What the 2021 National Defense Authorization Act Means for Military Spouse Businesses and Careers

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The National Defense Authorization Act (NDAA) can be like Christmas in July for military spouses. Some years, the annual legislation gives spouses significant provisions to help spouses pursue careers, education, and to develop businesses.

On the other hand, as is sometimes the case with Christmas, some years are better than others. While the House version of the 2021 NDAA bill is fairly scant with spouse-friendly measures, the Senate version has quite a few.

Here’s a breakdown of the current House and Senate bills vying to be incorporated into next year’s NDAA.

What’s in the 2021 National Defense Authorization Act?

Of course, the FY 2021 National Defense Authorization Act is primarily interested in weapons and manning decisions.

Now, the House didn’t exactly stuff its NDAA bill with goodies for military spouses. On the other hand, the proposed legislation in the Senate bill takes some important steps in addressing real-life issues service members and their families face.

The most encouraging items supply additional assistance professional licensing and child care.

Licensing

Currently, 30 percent of military spouses require professional licenses or certifications. Relicensing with each move presents problems; it’s costly in nearly every sense.

First of all, time is money. Researching a new location’s rules and regulations can be stressful, time-consuming, and confusing. Additionally, spouses may have to retrain or study for tests.

Secondly, relicensing can also be literally expensive. The National Military Family Association already estimates $12,374 in annual lost income for spouses. For a demographic already facing a wage gap of nearly 27% compared to their civilian counterparts, additional fees are anathema.

National Defense Authorization Act: Senate Bill Provisions

To address this obstacle, the Senate Armed Services Committee proposes to put $4 million toward licensing compacts.

What’s more, the Senate bill uses the funds appropriated for PCS moves for to reimbuse spouses for relicensing fees up to $1,000 after a move. The bill defines qualifying costs as those including exam, continuing education courses, and registration fees.

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To qualify, service members need to be on PCS orders, and the spouse needs to be renewing a license they had at their previous assignment.

Of course, many spouses would prefer to avoid relicensing in the first place.

Presently, the locations of many military bases themselves are hurdles for military spouses. However, highly mobile spouses will be interested to learn that the Senate bill has in its sights bases located in states with unfriendly licensure policies.

Basing Decisions

In the military of the future, bases may look different if the 2021 NDAA becomes law. Section 2881 of the Senate bill is entitled “Military Family Readiness Considerations in Basing Decisions.”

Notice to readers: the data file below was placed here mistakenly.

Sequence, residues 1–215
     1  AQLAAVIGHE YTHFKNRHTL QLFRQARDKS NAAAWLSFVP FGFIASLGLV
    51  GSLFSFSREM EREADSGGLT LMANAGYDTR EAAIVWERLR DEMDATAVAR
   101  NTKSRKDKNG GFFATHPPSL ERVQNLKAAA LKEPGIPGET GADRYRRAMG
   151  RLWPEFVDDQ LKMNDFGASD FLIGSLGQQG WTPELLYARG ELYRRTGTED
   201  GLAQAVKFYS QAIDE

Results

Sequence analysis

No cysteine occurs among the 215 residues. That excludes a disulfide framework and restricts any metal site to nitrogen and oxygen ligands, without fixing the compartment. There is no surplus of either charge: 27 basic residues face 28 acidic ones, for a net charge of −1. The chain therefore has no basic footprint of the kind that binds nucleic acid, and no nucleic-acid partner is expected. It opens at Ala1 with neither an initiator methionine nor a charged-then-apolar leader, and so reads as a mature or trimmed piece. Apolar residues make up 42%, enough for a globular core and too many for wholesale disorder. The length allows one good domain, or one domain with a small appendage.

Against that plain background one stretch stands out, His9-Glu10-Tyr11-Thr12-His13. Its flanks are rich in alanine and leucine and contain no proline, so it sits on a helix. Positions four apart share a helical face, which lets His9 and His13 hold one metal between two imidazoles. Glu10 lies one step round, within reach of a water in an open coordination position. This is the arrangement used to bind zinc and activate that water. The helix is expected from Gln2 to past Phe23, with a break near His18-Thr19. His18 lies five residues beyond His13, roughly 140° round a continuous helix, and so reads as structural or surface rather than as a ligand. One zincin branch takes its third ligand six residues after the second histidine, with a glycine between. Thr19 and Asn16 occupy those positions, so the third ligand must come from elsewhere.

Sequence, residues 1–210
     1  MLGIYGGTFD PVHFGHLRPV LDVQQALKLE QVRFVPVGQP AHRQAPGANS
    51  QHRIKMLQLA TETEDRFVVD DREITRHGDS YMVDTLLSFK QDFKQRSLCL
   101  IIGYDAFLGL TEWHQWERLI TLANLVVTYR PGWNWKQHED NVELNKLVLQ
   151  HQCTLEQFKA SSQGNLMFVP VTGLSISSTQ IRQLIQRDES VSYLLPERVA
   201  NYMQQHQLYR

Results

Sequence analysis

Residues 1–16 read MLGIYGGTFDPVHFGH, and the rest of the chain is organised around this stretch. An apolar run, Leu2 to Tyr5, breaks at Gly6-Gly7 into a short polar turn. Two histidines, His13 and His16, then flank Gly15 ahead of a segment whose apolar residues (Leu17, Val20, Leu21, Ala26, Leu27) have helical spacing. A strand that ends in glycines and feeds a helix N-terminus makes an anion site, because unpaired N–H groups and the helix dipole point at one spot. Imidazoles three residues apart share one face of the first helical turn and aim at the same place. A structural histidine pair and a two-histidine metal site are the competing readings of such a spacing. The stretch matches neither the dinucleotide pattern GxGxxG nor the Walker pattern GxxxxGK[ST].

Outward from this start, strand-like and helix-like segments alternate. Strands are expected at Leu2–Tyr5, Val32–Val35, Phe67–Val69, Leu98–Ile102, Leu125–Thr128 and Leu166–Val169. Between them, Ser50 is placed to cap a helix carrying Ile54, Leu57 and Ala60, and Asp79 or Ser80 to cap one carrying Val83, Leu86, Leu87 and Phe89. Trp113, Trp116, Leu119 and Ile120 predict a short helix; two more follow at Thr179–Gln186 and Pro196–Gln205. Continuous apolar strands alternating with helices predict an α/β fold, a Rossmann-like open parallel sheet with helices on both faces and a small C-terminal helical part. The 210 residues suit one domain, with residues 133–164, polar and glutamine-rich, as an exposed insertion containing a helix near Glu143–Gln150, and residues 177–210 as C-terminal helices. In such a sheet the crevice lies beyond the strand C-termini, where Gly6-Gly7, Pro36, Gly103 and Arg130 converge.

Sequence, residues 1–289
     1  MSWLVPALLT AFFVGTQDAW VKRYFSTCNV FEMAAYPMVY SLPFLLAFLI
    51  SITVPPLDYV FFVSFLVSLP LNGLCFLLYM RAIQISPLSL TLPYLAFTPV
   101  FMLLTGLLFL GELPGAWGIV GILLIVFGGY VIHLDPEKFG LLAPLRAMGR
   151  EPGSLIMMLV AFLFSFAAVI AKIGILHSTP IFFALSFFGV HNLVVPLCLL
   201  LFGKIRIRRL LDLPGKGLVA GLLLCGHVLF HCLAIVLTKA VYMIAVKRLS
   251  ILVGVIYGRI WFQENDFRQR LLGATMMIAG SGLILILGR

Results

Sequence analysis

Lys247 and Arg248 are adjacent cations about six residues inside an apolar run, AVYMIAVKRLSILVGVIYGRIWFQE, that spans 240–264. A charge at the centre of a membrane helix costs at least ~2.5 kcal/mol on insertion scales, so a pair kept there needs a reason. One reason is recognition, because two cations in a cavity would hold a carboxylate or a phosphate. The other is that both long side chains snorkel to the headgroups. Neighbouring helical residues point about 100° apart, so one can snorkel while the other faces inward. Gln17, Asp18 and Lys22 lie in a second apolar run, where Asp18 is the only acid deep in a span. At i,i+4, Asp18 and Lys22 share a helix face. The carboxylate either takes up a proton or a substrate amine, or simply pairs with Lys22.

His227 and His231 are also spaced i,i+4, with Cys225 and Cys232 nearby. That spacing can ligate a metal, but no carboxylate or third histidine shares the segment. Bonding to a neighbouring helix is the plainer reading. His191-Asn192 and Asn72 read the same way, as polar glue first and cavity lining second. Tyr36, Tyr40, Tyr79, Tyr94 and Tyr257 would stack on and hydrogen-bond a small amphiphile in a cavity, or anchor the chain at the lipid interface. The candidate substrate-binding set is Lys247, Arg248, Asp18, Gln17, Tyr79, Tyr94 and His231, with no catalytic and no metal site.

Among those considerations are states’ professional license reciprocity. Specific professions it mentions are accounting, cosmetology, EMS, engineering, laws, nursing, physical therapy, psychology, and teaching. Furthermore, the bill leaves leeway for the Secretary of Defense to include additional fields.

Other factors the Senate wants service secretaries and the Secretary of Defense to consider:

  • The quality and accessibility of local public schools
  • Housing
  • Availability of primary and specialty healthcare
  • Intergovernmental support
  • Anything else the Secretary of Defense determines essential

The bill requires service secretaries to create and maintain installation scorecards with ratings for all of these factors. Additionally, it allows service secretaries to create and include their own categories.

Child Care

Significantly, the Senate version of the NDAA includes some substantial child care provisions, including:

  • Fees reduced to 85% for second child (and any additional children) enrolled in child development centers (CDCs)
  • Requires services to establish fee assistance programs (on the model of the Army’s) for service members’ children to attend civilian child care facilities
  • Guidance and authorization to hire more qualified CDC workers
  • Requires services secretaries to compile status reports on installations with a gap between supply and demand for child care

My Career Advancement Accounts (MyCAA) Expansion

Finally, the Senate bill proposes expanding MyCAA accounts for spouses. Under this proposal, spouses would receive funding for national testing, including college level entrance exams.

FY 2021 National Defense Authorization Act Has Some Benefits for Military Spouses

Military spouse professionals and entrepreneurs may find reason to cheer the proposals in the FY 2021 NDAA. With so much else going on in the world, they can breathe a small sigh of relief knowing their needs haven’t been completely lost in the shuffle.

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